Etienne Duble firstname.lastname@example.org
make echo Some text | ./prog
echo Hello, world | ./prog DRAFT=1 ./prog < prog.c ./prog > [type] (...observe...) ./prog < prog.c
Beautiful penmanship! However, your fonts may vary.
How does this entry compress the font it uses? What’s the purpose of lrand48()? Why does the program dump core, when it does :) ?
This program prints text in your terminal with an interesting hand-writing effect.
It uses the braille patterns range of the unicode standard: this allows to consider each terminal character as a tiny 2x4 bitmap.
Turning the Braille code into something visual might be considered blasphemous. When I was fighting to make this program work, I started wondering if it was not the reason for its very erratic behaviour.
prog.orig.c is the one I submitted.
Gil Dogon noted a few unsafe statements (statements whose behaviour is
undefined in the C standard and, as such, could cause issues with other
compilers or optimization levels). These have been fixed in
After this fix, in order to remain rule-2-compliant, a variable name has
also been shortened in this file.
If you have
$ CC=clang make -e
(You will get a few warnings in this case.)
You need a terminal configured to handle an UTF-8 encoding and a font including braille patterns. This is the default on most modern GNU/Linux operating systems. The default terminal application (gnome-terminal) or even a simple xterm should render things properly. I tested this on several Debian and Ubuntu systems, 32 and 64bits (no configuration was needed). I also tested it on FreeBSD 9.3 32bits (font and encoding configuration was needed in this case).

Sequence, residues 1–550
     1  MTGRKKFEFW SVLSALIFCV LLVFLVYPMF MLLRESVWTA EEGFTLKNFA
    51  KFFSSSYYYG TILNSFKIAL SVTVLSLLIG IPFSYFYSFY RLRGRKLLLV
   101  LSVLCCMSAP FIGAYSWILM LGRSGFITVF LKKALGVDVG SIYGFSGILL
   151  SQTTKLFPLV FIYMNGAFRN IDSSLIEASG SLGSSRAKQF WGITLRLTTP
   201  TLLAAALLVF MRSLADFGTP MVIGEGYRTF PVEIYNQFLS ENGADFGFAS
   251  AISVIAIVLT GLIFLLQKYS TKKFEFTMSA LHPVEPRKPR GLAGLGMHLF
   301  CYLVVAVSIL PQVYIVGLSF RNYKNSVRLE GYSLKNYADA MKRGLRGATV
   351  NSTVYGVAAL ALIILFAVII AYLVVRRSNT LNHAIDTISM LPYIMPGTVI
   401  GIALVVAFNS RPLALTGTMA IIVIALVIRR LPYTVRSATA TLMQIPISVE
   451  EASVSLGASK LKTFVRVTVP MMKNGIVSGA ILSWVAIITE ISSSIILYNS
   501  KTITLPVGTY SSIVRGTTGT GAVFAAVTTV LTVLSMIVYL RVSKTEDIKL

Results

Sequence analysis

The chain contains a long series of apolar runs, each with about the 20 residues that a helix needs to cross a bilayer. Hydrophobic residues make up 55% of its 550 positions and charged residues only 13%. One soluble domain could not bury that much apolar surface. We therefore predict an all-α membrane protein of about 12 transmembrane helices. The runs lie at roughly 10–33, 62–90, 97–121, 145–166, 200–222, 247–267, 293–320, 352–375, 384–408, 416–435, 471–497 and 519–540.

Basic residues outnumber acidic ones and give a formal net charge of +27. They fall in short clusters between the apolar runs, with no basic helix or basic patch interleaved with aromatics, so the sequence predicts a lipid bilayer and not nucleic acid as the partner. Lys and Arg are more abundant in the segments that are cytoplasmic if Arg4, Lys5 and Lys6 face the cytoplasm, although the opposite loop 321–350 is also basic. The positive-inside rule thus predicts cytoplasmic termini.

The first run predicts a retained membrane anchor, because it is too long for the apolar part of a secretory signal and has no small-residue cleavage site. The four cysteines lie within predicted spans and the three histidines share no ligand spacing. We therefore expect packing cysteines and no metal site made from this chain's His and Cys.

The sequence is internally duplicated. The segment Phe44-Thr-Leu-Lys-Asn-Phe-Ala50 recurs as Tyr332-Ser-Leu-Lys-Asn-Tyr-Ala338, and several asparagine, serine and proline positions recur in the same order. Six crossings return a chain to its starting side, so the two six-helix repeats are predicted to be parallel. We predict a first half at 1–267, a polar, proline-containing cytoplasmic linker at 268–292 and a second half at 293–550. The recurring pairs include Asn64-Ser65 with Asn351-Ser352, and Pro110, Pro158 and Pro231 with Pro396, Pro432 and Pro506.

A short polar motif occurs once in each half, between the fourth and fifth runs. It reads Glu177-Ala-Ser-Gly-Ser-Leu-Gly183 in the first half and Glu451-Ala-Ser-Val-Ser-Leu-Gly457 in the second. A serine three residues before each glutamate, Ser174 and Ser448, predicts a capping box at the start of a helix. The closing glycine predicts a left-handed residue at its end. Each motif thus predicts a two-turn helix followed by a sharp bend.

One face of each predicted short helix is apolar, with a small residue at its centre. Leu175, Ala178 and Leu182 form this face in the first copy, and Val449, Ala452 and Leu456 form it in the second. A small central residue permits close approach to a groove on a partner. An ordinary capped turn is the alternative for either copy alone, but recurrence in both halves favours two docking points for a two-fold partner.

$ echo 'I am testing this thing.' | ./prog [... rendering ...] $ ./prog < lorem-ipsum.txt [... rendering ...]
$ ./prog > hello world!!! [... rendering ...] >
This entry is obfuscated in various ways:
On the other hand, the following may help:
In order to comply with the size rule, I encoded only a part of the visible ASCII chars:
a-z, A-Z, '.' ':' ',' ';' '!' and '?'.
Uppercase and lowercase chars are rendered the same. The program also understand the space and the linefeed (\n). Other chars are simply ignored (most of the time ;)
This limitation is due to the heavy use of recursivity. After having processed a large number of characters, the process may exceed the stack size and crash. (However I did not experience this myself. The top-level recursion might be removed by the compiler as part of its optimizations.)
The program does its best to avoid cutting words at the end of lines, but it could still happen in case of long words.
Given the limited set of characters handled, the program is mostly limited to simple text documents. Thus, if you try for example:
$ ./prog < prog.c
You will not get something that looks like C code. (but you can still try, if you are curious. :)
Defining an environment variable called DRAFT will enable the ‘draft-mode’. Try for example:
$ echo 'testing the draft mode' | DRAFT=1 ./prog
The program will run much faster but the rendering will be less precise.
I saved the best for last: usually, programs that handle an “interactive mode” have to check whether their standard input is a terminal or not (by using isatty()). Did you notice that this program does not perform any such detection, but still behaves (or seems to behave) appropriately?
© Copyright 1984-2016,
Leo Broukhis, Simon Cooper, Landon Curt Noll
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